“Yet the current trajectory of national politics, in which Congress increasingly plays a secondary role in policymaking and the executive consolidates more power, promises to further empower the Supreme Court, and thus its most frequent swing vote — now, likely Chief Justice John Roberts. Justice Kennedy’s exit is a reminder of the ways in which Congress has abdicated its coequal role.
Consider the court ruling upholding Mr. Trump’s travel ban: In essence, it declared that the president has broad authority to determine who is allowed to enter the country, and that the president’s authority is granted by Congress. (Had Congress intended “to constrain the President’s power to determine who may enter the country,” the ruling said, “it could have chosen language directed to that end.”) The implication was that the legislature could have chosen to limit those powers, but has not done so.
The argument over Mr. Trump’s travel ban was thus a back and forth between the executive and the judicial branches; Congress could have played a more substantial role, but it chose not to.”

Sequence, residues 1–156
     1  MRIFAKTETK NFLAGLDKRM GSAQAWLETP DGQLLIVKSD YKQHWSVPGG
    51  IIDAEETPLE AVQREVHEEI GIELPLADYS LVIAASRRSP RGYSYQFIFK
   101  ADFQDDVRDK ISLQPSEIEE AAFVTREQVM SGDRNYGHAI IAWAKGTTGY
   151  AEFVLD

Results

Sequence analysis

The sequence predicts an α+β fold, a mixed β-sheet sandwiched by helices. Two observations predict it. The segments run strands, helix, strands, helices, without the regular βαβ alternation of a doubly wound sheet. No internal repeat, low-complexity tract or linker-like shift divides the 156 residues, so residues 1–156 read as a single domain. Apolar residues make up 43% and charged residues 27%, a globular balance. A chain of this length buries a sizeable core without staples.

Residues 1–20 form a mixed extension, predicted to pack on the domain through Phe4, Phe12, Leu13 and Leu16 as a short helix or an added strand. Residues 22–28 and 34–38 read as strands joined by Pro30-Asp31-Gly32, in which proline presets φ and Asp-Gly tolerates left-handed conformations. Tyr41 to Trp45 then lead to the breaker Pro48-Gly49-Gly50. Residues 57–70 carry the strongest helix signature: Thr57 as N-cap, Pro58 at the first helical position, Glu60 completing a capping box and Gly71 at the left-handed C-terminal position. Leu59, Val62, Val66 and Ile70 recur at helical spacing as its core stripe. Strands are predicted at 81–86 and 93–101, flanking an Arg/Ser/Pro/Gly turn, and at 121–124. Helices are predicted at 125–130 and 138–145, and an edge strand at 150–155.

“A weak Congress — and there is little doubt that this Congress, which has declined to pass a budget, been frozen in tactical indecision on immigration and largely given up on the idea of advancing a legislative agenda, is weak — empowers not only the executive but the judicial branch as well.
If that weakness persists, the future of the court may be a kind of legislating from the bench — less in the sense that conservatives have long complained about, where judicial activists overturn or rewrite duly enacted legislation, but in the sense that the court is stepping in to act where Congress has not, particularly as a check on executive power.
To restore the balance of power, Congress would need to regain a sense of authority and independence as a coequal branch of government. That would mean asserting its own power to legislate as well as to check the power of the executive — two projects the current Republican Congress has largely abandoned.
Doing so could help cool the fervor around a retirement like Justice Kennedy’s. Instead, lawmakers from both parties have embraced the notion that elections matter in large part because of whom Congress will appoint to the courts, an argument that effectively cedes the authority of the legislature.”